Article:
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After Ovid
Aspects of the Reception of Ovid in Literature and Iconography

F. E. Consolino (ed.)
approx. 390 p., 15 b/w ill. + 10 colour ill., 156 x 234 mm, 2022
ISBN: 978-2-503-59250-3
Languages: English, Italian
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Studies on the reception of Ovid in literatures and the visual arts from Late Antiquity to the 18th century

The 2000th anniversary of Ovid’s death, in 2017–2018, led to an upsurge in conferences and publications dedicated to the author’s work and afterlife. One of these is the present volume, resulting from the conference Dopo Ovidio. Aspetti della ricezione ovidiana fra letteratura e iconografia, which was held on 7–8 May 2019 at the Department of Human Sciences (DSU) of the University of L’Aquila, and which looked at various aspects of Ovid’s fortune, from a diachronic and interdisciplinary perspective. The contributions cover a period of about fourteen centuries, from late antiquity until the end of the eighteenth century, and range from late Latin to medieval literature, from humanistic production to modern English and Italian literature, and from linguistics to the figurative arts. All these studies contribute to a collective appraisal of the multifarious impact of Ovid’s works, and especially of the Metamorphoses, the latter’s treatment of myth having been a starting point for integrations, developments, (re)interpretations and representations, in isolation or included in an iconographic program.

Franca Ela Consolino is professor of Latin language and literature at the University of L’Aquila. Her research is focused on literary, historical, and philological aspects of Latin literary production in Late Antiquity and the early Middle Ages, with contributions on profane and Christian authors, literary genres, and cultural milieus. She is also the author of several essays dealing with the Christianization of Roman female aristocracy.

Table of Contents

Preface
Ovidian Presences in Prudentius’ Psychomachia (Stefania Filosini)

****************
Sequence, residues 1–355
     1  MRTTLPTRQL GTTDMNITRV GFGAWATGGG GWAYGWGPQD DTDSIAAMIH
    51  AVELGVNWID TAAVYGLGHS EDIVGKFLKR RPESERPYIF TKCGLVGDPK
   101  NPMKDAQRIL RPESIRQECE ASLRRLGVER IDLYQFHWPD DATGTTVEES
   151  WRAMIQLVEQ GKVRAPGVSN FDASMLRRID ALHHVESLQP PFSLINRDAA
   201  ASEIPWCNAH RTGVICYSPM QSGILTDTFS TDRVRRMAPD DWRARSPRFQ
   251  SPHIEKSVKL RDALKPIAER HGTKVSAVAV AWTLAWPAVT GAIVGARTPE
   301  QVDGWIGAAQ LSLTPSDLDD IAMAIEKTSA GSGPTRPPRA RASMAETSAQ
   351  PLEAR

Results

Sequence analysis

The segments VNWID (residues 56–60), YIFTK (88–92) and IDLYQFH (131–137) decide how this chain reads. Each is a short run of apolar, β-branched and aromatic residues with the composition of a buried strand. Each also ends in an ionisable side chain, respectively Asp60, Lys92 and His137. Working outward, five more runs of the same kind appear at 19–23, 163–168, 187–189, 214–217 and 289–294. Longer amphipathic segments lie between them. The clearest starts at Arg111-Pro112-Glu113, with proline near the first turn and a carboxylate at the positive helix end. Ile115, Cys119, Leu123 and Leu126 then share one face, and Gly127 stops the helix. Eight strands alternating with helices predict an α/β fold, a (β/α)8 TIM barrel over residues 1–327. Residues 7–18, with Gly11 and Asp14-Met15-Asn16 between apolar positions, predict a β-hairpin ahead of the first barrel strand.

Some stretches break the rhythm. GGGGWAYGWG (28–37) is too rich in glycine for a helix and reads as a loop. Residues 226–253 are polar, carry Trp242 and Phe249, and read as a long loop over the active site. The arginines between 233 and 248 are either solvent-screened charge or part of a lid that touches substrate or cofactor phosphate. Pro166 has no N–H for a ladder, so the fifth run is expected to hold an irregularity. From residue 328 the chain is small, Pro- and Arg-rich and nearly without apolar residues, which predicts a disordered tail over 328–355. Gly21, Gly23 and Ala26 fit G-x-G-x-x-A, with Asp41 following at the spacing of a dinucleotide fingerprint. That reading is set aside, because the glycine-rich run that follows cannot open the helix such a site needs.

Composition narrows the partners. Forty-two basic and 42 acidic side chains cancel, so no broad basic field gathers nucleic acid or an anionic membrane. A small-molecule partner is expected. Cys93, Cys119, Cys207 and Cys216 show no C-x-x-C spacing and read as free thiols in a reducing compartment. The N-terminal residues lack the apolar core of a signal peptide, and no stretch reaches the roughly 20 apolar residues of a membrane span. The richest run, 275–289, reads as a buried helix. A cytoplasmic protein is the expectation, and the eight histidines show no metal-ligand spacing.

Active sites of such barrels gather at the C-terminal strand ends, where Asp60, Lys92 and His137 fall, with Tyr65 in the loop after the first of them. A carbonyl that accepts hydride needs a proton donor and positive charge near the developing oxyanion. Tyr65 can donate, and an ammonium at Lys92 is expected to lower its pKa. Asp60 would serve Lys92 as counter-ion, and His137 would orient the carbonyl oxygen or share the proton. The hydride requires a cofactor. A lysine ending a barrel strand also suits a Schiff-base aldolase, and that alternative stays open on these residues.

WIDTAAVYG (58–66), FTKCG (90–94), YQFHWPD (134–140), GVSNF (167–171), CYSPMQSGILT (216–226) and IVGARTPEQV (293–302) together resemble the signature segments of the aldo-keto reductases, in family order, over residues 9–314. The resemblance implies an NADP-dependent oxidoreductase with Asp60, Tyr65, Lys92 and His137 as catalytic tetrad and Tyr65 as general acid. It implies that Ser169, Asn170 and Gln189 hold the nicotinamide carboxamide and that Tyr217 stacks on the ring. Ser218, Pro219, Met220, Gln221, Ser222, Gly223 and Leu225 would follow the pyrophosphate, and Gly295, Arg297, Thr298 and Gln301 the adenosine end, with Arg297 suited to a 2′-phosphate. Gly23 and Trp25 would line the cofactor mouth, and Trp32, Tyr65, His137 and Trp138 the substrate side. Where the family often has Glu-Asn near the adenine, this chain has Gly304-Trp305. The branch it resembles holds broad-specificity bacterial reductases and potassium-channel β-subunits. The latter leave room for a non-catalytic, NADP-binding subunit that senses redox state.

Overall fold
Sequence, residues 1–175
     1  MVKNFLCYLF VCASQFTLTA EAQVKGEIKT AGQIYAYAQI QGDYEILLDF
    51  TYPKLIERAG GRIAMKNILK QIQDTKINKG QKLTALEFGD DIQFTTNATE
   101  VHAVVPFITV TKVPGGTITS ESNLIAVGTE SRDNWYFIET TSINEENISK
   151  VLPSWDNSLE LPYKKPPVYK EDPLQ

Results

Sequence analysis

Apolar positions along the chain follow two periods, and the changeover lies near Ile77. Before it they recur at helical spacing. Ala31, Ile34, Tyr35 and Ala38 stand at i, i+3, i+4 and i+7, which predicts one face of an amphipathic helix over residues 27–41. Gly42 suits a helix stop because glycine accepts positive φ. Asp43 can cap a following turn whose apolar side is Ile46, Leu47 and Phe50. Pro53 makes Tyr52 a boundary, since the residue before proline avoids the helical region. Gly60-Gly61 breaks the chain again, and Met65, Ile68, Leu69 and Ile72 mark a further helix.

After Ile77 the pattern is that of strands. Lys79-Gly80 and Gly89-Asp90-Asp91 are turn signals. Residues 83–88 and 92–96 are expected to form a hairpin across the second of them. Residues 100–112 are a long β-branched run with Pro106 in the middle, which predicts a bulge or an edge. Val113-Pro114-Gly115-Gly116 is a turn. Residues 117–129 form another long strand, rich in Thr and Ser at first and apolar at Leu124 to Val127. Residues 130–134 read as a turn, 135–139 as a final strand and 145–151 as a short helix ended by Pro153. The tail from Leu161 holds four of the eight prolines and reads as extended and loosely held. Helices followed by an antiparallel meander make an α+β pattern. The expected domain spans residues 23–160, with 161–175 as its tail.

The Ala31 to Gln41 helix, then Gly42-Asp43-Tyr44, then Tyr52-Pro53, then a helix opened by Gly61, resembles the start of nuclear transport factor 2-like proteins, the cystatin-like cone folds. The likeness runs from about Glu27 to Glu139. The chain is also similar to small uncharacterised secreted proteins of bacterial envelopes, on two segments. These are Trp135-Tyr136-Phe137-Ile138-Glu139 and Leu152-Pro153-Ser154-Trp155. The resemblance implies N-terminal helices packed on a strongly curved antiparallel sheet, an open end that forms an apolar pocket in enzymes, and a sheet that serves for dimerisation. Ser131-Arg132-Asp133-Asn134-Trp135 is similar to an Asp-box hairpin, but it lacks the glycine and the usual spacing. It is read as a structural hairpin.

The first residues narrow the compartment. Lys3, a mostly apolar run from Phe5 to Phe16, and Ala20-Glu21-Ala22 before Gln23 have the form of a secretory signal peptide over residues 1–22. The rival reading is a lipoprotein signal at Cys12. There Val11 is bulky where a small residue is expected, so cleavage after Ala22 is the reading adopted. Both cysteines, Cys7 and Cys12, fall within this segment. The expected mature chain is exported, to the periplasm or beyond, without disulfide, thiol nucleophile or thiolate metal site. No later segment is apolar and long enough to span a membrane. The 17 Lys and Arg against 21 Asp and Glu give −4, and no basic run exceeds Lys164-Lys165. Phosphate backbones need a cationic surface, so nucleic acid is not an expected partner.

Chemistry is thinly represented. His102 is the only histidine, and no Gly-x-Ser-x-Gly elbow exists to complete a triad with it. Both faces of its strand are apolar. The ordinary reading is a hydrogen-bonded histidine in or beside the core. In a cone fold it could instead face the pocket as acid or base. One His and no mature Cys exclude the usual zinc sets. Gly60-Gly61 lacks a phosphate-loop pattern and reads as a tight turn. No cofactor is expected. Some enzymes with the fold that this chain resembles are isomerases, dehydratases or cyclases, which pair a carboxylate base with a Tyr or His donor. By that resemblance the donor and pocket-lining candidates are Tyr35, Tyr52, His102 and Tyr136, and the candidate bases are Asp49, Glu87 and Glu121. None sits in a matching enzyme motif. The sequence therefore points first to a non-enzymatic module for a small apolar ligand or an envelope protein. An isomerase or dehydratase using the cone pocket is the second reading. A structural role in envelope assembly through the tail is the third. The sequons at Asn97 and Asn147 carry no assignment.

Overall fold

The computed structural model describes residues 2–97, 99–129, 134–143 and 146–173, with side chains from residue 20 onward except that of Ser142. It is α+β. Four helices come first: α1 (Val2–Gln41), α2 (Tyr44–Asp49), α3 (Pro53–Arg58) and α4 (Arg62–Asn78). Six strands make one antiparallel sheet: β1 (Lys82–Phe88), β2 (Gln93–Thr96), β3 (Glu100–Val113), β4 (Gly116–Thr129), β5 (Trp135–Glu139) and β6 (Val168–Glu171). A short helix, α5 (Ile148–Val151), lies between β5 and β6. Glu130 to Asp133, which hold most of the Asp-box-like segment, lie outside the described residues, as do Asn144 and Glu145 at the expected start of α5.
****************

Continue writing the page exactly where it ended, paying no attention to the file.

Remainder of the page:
Ovid in Reposianus and the Complexity of Reception (Maria-Pace Pieri)
Allusions to and Quotations from Ovid in the Writing of Isidore of Seville (Donato de Gianni)
Geoffrey’s musa jocosa: The Vita Merlini as an “Ovidian” Poem (Francesco Marzella)
Il distico della commedia elegiaca latina. L’eredità di Ovidio (Lucio Ceccarelli)
Moving through the Metamorphoses. The Linguistic Encoding of Motion in Ovid and his Translators (Luisa Corona)
The Reception of the Ovidius moralizatus in Northern Italy in the Late Middle Ages (Giuseppa Z. Zanichelli)
The Myth of Narcissus in Painting and Sculpture in the 16th and 17th Centuries: Some Reflections (Michele Maccherini)
Ovid and the Aerial Metamorphoses Painted by Sebastiano del Piombo in the Loggia di Galatea (Costanza Barbieri)
The Fortunes and Misfortunes of Vulgarized Editions of Ovid’s Metamorphoses in Italy and Spain (Giuseppe Capriotti)
Folengo and Ovid: The Tempest in the Canto di Giuberto (Fabiola Bartolucci)
Mark Alexander Boyd and Ovid’s Heroides. Lavinia’s Epistle to Turnus (Franca Ela Consolino)
Ovid in the Old World and the New: the Metamorphoses as Interpreted by George Sandys (Enrico Botta)
“Orrendo a un tempo ed innocente amore”: the Ovidian Myrrha in Italian Literature (Valeria Merola)

Interest Classification:
Classics, Ancient History, Oriental Studies

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